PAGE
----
Postural Pain associated with work or play
Musculoskeletal pain associated with sustained or repeated work postures is very common these days, but work may not be the only source of symptoms. Today with the multiple electronic devices we are never far away from a screen/keyboard, with many of these devices not allowing for “good”postural positioning.
There are a number of contributing factors to pain associated with our posture including;
- our body is made to move and in fact it craves movement. There are emerging scientific findings identifying the importance of movement on our overall body health. There appears to be a link between sitting and increased incidence of type 2 diabetes and reduced life expectancy, among other conditions
- poor ergonomic set up – this will place excessive mechanical stress/loads on muscles/joints/tendons/discs/neural structures. If this excessive stress continues to be applied over a period of time then one or all of these structures will begin to fail, resulting in pain!
- sustained sitting causes compressive loads to the spine. This has a long term cascading effect on our spinal health (see the page regarding low back pain and sitting for further detail)
- using muscles in a way they were not designed to be used eg. using a mouse in the right hand for prolonged periods. This requires holding the right arm out to the side of the body in a sustained position and with quite specific control.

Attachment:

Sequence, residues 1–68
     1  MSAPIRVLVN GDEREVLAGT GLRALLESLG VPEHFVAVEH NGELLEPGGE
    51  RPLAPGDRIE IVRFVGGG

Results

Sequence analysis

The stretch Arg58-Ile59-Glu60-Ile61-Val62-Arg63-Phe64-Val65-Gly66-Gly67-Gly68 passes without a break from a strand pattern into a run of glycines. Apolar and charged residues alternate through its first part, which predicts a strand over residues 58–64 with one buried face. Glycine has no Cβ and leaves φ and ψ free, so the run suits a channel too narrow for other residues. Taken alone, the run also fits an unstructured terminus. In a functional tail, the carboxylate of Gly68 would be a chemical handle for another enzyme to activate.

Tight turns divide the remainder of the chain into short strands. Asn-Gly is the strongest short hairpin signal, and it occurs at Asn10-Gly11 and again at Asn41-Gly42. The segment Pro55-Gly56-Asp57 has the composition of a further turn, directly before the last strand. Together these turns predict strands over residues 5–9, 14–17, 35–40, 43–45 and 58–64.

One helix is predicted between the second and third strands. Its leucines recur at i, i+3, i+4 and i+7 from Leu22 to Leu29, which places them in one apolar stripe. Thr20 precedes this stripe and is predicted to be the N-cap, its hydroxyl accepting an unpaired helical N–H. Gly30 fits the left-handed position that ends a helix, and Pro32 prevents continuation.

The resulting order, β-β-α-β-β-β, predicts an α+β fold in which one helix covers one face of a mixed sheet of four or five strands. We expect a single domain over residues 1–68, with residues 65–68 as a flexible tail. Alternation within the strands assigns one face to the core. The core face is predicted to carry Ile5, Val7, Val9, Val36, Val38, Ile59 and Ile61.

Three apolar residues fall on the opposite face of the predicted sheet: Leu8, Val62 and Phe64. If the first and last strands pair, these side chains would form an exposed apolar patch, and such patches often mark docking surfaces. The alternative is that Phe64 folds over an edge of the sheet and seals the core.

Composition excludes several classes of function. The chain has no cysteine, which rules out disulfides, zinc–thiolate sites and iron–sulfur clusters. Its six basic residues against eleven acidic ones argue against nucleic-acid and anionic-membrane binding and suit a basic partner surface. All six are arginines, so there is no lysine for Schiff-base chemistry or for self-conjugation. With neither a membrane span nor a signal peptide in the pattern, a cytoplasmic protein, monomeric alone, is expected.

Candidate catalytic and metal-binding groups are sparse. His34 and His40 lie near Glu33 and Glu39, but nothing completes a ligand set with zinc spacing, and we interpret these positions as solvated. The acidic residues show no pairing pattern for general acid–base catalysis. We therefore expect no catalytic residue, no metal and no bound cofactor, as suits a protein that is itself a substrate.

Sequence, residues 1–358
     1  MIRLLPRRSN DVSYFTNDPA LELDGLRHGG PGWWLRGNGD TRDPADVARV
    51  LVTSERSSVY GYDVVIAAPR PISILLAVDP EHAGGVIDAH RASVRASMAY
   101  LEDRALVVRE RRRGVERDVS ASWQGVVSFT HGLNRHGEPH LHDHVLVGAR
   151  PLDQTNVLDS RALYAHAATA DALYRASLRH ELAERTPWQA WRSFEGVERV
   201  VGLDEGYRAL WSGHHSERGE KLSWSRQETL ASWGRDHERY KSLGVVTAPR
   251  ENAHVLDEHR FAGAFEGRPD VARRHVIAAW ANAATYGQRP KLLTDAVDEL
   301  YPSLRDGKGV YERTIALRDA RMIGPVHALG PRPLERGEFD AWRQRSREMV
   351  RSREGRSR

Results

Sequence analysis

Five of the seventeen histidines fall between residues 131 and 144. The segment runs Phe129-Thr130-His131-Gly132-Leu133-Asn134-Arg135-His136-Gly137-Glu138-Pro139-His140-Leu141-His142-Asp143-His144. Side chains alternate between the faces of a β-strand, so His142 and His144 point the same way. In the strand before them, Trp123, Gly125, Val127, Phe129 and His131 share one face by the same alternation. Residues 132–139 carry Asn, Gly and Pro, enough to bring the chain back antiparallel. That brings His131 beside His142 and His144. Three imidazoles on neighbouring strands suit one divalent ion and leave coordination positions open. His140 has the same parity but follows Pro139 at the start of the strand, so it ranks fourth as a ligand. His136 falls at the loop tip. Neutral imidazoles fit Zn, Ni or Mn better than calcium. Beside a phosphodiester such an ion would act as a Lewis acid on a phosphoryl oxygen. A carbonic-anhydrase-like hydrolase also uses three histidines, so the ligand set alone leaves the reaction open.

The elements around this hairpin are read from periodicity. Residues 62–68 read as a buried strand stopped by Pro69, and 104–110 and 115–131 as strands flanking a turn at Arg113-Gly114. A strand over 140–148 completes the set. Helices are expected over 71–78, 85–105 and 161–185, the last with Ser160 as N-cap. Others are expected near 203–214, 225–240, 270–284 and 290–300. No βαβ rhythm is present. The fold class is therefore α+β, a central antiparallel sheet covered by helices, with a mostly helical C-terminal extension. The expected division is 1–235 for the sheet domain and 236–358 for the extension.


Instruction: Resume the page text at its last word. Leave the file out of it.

The muscles being used for this task are designed to make big powerful movements and are in fact full of fast twitch muscle fibres (designed for power and ballistic movement). They are not designed to maintain a sustained/static position under low grade load. Performing this task repeatedly results in a gradual ‘tightening’ of the shoulder musculature as it fatigues from inappropriate use.
- This also results in increased loading of the cervical spine musculature, the neural structures in your neck and a cascade of altered load down the arm, which can overload the tendons, nerves and joints of the elbow, wrist and fingers. Below are some examples of referred pain from the overload of shoulder and cervical spine musculature.
- whether it be that your work requires you to drive a lot, or simply that you drive to and from work, your position in the car seat must be optimal.